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### #5 fosley

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Posted 08 May 2007 - 11:12 PM

"how many time in high school did you take algebra tests and the wording could have been better"

Quite true. If I'd figured out the intent before writing the other solutions I probably wouldn't have said anything, but I'd already written the solution to the other interpretation so I figured I'd post it to add ideas--even if they aren't entirely correct.
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### #6 JeffR

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Posted 30 May 2007 - 03:04 PM

If "A" brick is synonymous with "ONE" brick, then the weight of X is 2, ... X = 1 + (1/2X)

In the other possible interpretation of the question however, if "A" brick is NOT synonymous with "ONE" brick, then we *could* assume "ONE" brick (X) is a larger brick, and "A" brick (Z) is a smaller brick. In that case, the equation is impossible to derive an answer for because we can't solve for a value for Z... if "A" brick = banana and ONE brick = apple, apple would weigh 1kg plus 1/2 banana, that is straightforward enough, except we have no idea what banana weighs, and not enough data to determine it.

IE X = 1kg + (1/2Z) with no way to determine Z

The problem yields at least the two following solutions, neither of which yields an answer

X = Z + 2
-----
2

or X = 0.5 (Z + 2)

(Rest of previous post edited to remove any evidence of my previous brain fart....)
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### #7 Cyr|x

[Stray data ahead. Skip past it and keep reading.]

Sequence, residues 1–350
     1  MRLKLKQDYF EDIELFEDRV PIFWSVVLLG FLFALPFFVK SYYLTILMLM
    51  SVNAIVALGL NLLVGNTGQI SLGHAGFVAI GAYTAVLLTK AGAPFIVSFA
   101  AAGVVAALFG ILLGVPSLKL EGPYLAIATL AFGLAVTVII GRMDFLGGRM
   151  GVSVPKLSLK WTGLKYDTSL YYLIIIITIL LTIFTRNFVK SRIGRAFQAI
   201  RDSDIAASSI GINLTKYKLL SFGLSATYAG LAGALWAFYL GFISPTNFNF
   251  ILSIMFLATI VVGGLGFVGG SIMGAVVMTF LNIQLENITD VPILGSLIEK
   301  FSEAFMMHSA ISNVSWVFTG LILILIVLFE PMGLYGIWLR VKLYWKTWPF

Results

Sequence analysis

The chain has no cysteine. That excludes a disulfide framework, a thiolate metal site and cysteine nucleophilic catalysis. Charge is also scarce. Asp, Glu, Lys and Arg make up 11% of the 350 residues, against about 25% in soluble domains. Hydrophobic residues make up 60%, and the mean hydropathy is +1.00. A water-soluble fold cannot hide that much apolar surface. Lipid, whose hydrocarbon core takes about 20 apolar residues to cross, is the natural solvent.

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Posted 01 July 2007 - 05:10 AM

lol
applying boolean logic here

One brick is one kilogram "AND" half a brick heavy

1brick = (1kilo) X (1/2 brick) [ 'X' for the boolean operator AND ]
=>2 (brick^2)= 1 kilo
=> (brick^2) = 1/2 kilo
=> brick = sqrt(1/2) kilo

One brick is one kilogram "OR" half a brick heavy

1 brick = ( 1kilo ) + ( 1/2 brick) [ '+' for the boolean operator OR ]
=> 1/2 brick = 1 kilo
=> 1 brick = 2 kilos
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### #8 lukegaru

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Posted 03 July 2007 - 08:15 PM

1 brick=1kg
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### #9 thutanyi

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Posted 10 July 2007 - 02:54 PM

1 kg = one brick
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### #10 freeonlinelaughs

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Posted 25 July 2007 - 10:35 PM

Hmmmm does this mean the brick has an infinate weight?

Lets make W the weight of the brick

Weight of brick = Weight of brick + (1/2 x weight of brick)

so...

Weight of brick = W + (1/2 x W)

Substitute w for 1kg

Weight of brick = 1 + 0.5
Weight of brick = 1.5

So this changes the equasion to....
Weight of brick = 1.5 + 0.75
Weight of brick = 2.25

and so on......